Cast no better than brace for broken ankles
Using a cast is not more effective than a brace for treating broken ankles, according to University of Warwick researchers—a conclusion that could hasten the decline of the tradition of signing a cast.
With little difference in the clinical effectiveness of either method, the researchers conclude that the choice of which to use should be down to cost and patient preference, with some evidence suggesting that the flexibility of the removable brace could prove more appealing to patients.
The research reports the results of the Ankle Injury Rehabilitation (AIR) Trial at Warwick Clinical Trials Unit at the University of Warwick, and is published today (6 July) in the BMJ. This four-year trial funded by the National Institute for Health Research (NIHR) aimed to compare cast to functional brace in the treatment of individuals with an ankle fracture.
Ankle fractures are very common and tend to occur when you land on your foot and twist it. They are most commonly related to sports, traffic accidents or falls in older people, though it is an injury that everyone is susceptible to. Not all ankle fractures will require surgery, but in all cases patients will need to keep their foot immobilised typically for a period of around six weeks to allow the bones to heal.
As part of the AIR trial, 669 patients were randomly given either a cast (334 patients) or removable brace (335 patients) to immobilise their foot following an ankle fracture. Those with the brace were given information advising them to take the boot off around three times a day and perform repetitions of ankle movement exercises. The cast group were not given specific ankle movement exercises from the trial as they were unable to remove their cast, nor move their ankle.
They were then followed up four months afterwards with a questionnaire that asked them if they had any pain or functional problems. Specifically, patients were asked about problems with pain when walking, stiffness, swelling, climbing stairs, running, jumping, squatting, use of supports and activities. Their answers were combined into a score called the Olerud Molander Ankle Score (OMAS), and these scores combined for each group and compared.
The research showed no statistically significant difference in the scores of those using a cast and those using a boot after four months. The results were also the same when comparing those who received surgery and those who didn’t.
Lead author Professor Rebecca Kearney of Warwick Medical School at the University of Warwick said: “With cast not being better, it comes down to a decision on the cost of the interventions, patient preferences and if there’s a difference in complications, which we did not find evidence of. Patients should discuss their preference with their clinician, who should take into account these factors.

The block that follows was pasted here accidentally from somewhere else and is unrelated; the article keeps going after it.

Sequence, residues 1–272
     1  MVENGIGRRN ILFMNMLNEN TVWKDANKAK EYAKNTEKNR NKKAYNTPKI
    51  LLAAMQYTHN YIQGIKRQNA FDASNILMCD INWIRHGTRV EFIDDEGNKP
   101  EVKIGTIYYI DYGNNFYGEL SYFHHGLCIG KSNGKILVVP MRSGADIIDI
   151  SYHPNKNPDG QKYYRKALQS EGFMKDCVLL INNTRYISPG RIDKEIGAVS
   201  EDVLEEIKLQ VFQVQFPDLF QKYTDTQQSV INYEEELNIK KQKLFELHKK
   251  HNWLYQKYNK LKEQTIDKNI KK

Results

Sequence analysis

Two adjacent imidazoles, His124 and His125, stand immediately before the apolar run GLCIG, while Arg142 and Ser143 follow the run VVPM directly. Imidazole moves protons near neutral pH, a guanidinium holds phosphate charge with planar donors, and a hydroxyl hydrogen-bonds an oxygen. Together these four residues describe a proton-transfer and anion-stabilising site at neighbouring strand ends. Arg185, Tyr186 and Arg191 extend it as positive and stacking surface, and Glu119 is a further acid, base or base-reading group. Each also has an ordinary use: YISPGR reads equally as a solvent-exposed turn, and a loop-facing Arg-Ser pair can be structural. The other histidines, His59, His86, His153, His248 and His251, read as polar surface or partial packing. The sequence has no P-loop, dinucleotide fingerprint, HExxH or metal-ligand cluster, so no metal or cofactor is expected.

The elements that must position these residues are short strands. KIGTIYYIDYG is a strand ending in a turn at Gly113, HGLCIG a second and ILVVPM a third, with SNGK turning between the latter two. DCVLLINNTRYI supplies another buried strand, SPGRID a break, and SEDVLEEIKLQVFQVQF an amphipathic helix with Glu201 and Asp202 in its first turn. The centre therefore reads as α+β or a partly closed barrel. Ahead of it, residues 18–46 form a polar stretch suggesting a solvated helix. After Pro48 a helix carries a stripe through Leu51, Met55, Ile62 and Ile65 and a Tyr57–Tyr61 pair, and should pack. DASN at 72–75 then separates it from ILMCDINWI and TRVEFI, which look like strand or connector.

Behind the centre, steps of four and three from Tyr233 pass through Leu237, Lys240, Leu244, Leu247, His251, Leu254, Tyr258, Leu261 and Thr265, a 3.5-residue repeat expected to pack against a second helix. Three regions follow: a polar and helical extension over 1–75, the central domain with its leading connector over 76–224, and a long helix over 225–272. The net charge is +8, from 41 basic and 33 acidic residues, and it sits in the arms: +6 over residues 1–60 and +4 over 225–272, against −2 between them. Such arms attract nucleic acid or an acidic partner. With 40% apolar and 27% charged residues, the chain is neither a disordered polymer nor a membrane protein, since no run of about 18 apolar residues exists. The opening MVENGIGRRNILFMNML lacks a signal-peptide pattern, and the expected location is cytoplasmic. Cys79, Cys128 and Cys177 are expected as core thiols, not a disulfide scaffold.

“When people think of ankle fractures they think of the pain, swelling, and not being able to do things. But it has more far-reaching consequences than just the immediate physical limitations of a broken bone, which we’re only just starting to appreciate.”
Like many types of broken bone, ankle fractures have traditionally been treated by using the familiar cast that generations have signed their names on in sympathy. In more recent years, it has become just as common to use a removable brace—at one time referred to as the ‘Beckham boot’, after being popularised by former professional footballer David Beckham.
The brace is a plastic boot that comes in two halves with Velcro to wrap round and secure it. They’re designed to be walked on and being removable allows patients to perform leg exercises and keep their leg clean.
Professor Kearney, who was supported by an NIHR Fellowship for this research, adds: “If you keep the ankle really still it allows the bones to heal up, but that’s not great if all the joints around it stiffen up and all the muscles weaken. The idea behind the boot is that you can do movement exercises with the ankle and walk on it to encourage weight-bearing. In theory, that could result in decreased muscle wastage and joint stiffness. In practice though, it didn’t result in better functional outcomes.
“It was also clear in the quantitative data that when patients swapped treatments, they swapped in predominantly one direction—from the cast to the brace.”